We have the potential for strong to severe storms occurring on two separate occasions this week… one starting very late on Wednesday night and going through the entire morning on Thursday, and the next one taking place late on Friday and going through the morning hours on Saturday. Both long-range models show relatively good agreement with both systems, with timing and locations of the surface low only having minor differences. We’ll start with Wednesday night/Thursday morning event.
A deepening surface low will start off on Wednesday afternoon over the Oklahoma/Texas border and will move east-northeast throughout the remainder of the day and into the night. By midnight, it will be located over Central Arkansas, but rain and a few storms will begin moving into the western portions of Central Alabama out ahead of the low in the warm sector. By 7:00 am on Thursday morning, the low will be located near Memphis and storms will be ongoing across much of Central Alabama with the exception of the southeastern corner. By 1:00 pm Thursday, the low will be centered very close to Nashville with storms active across much of Central Alabama with activity starting to end over the western parts of the area. By 7:00 pm, almost all of the activity is out of the area and the low will be in the extreme southeastern parts of Kentucky.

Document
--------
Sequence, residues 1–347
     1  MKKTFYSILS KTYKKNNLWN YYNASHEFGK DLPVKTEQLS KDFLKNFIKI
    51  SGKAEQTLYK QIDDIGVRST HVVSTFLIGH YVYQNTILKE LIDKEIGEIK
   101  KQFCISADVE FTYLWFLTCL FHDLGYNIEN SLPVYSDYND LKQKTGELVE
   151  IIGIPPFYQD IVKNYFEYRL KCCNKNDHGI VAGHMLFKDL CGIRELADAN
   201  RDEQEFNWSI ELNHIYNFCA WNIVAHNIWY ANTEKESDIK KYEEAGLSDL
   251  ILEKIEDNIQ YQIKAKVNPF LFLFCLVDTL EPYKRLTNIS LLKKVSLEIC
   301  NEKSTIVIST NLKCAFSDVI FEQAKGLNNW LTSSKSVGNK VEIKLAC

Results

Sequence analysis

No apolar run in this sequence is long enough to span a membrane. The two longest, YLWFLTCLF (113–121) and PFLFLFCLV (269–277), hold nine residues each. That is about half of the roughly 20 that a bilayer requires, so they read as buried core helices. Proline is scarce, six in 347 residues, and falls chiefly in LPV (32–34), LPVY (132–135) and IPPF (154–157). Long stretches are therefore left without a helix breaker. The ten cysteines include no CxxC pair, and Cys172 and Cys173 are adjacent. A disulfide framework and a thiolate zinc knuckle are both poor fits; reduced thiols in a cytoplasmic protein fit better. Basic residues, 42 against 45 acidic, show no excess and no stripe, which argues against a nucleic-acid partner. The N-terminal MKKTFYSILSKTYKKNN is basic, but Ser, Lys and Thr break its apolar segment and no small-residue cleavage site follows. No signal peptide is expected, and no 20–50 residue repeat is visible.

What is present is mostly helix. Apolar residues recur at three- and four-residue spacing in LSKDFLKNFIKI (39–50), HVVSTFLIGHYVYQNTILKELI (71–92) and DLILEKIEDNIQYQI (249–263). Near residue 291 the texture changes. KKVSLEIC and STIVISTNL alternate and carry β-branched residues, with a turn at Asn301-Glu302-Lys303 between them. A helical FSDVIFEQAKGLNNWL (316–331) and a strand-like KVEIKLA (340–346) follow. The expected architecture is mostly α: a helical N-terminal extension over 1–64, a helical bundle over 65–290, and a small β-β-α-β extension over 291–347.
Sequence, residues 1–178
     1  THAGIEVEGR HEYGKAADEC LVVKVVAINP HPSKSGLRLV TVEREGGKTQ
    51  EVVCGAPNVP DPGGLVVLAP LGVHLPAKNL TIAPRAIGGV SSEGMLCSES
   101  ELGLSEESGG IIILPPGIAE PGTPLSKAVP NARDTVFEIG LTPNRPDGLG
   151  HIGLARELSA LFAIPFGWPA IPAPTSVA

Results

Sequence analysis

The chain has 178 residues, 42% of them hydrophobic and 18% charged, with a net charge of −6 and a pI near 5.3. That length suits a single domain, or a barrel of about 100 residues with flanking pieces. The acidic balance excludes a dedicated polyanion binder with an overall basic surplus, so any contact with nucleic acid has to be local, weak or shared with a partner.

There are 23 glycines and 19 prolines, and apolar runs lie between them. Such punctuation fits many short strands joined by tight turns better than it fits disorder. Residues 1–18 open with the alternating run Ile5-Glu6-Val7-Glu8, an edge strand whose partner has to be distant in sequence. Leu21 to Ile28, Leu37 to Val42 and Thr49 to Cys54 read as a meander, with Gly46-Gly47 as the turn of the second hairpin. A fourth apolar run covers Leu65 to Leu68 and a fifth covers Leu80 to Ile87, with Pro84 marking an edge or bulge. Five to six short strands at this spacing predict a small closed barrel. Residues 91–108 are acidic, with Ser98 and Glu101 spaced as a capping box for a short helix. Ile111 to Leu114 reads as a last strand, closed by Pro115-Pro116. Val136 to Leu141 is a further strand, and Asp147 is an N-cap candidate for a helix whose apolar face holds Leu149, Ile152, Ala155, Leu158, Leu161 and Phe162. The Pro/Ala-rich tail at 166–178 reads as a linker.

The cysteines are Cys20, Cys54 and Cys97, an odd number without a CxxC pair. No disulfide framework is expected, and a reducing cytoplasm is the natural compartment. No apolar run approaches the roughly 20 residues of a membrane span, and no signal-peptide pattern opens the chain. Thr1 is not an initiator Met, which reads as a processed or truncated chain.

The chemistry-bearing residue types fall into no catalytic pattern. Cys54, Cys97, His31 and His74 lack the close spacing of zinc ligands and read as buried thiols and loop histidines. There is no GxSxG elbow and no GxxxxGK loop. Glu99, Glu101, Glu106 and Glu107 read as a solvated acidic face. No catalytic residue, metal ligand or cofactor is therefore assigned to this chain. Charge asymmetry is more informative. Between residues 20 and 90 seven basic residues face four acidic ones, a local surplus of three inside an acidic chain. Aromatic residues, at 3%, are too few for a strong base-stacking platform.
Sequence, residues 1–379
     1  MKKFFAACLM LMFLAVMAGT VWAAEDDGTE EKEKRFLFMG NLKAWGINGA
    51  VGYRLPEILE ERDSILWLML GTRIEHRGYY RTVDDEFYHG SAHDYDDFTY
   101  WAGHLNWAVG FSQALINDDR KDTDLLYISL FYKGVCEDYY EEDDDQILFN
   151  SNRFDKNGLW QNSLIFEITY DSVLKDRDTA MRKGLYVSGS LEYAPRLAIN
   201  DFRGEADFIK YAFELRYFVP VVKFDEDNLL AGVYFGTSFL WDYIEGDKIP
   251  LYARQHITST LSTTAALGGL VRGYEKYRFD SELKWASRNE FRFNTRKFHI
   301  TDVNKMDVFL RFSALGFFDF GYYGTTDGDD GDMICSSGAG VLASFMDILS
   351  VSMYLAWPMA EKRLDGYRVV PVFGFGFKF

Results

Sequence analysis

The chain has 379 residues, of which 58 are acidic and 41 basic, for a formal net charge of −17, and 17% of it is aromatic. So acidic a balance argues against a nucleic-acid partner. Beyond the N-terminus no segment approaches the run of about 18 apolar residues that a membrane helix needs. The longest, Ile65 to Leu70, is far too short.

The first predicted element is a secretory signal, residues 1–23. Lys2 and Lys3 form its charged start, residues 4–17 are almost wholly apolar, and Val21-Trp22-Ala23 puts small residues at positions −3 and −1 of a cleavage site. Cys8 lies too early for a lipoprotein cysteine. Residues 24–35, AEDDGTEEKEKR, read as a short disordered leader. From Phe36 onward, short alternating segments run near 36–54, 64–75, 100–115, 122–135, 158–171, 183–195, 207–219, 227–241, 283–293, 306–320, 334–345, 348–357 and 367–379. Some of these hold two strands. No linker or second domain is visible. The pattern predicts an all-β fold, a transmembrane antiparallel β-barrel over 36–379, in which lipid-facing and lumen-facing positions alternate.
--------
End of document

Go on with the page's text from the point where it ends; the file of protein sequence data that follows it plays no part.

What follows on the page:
There will be plenty of instability out ahead of the system as it moves across the area. Bulk wind shear will be high, but what might be our saving grace with this system is that helicity values will be below what we need for strong updrafts. At this point, I would say that damaging winds and hail would be the main threats on an isolated basis. A brief tornado is not out of the question, but it looks highly unlikely at this point.
We’ll also have to worry about the potential for more flash flooding issues as we are forecast to see totals ranging from 1.50 inches to as high as 2.75 inches by the time this system is finished. Don’t be surprised if you see even higher amounts if we have training of cells.
The picture will become clearer when the high-resolution, convection-allowing models start coming in which is roughly 60 hours out of the event. This forecast will change and let’s hope it is for the better.
The better news about the Friday night/Saturday morning system at this point is that the better dynamics will be farther off to our north as the low will move northeast toward the Great Lakes. A cold front will be moving through the southeast with rain and thunderstorms out ahead of it. It’s too early to get any good detailed model information, but both the GFS and European models are painting a decent amount of instability with this system.
The sounding for the Birmingham area valid at 7:00 pm Friday night shows instability values forecast at just over 700 J/kg. Helicity will be strong enough to support rotating updrafts at over 250 m2/s2. Shear will nearly be perfect close to 65 knots. Mid-level lapse rates will just be steep enough to support updrafts. What is really interesting in this sounding is that the winds will be backed out of the southeast at the surface. With all of these ingredients together, we’ll have a marginal tornado threat, along with damaging winds and maybe some small hail.
Once again, the forecast will change as we get closer to this event, especially when those high-resolution, convection-allowing models come into view.
Remember… this is not out of the ordinary for Central Alabama. We are still in the middle of our prime severe weather season, and we still have just over a month to go until it ends. I’ll have more throughout the week on both of these systems.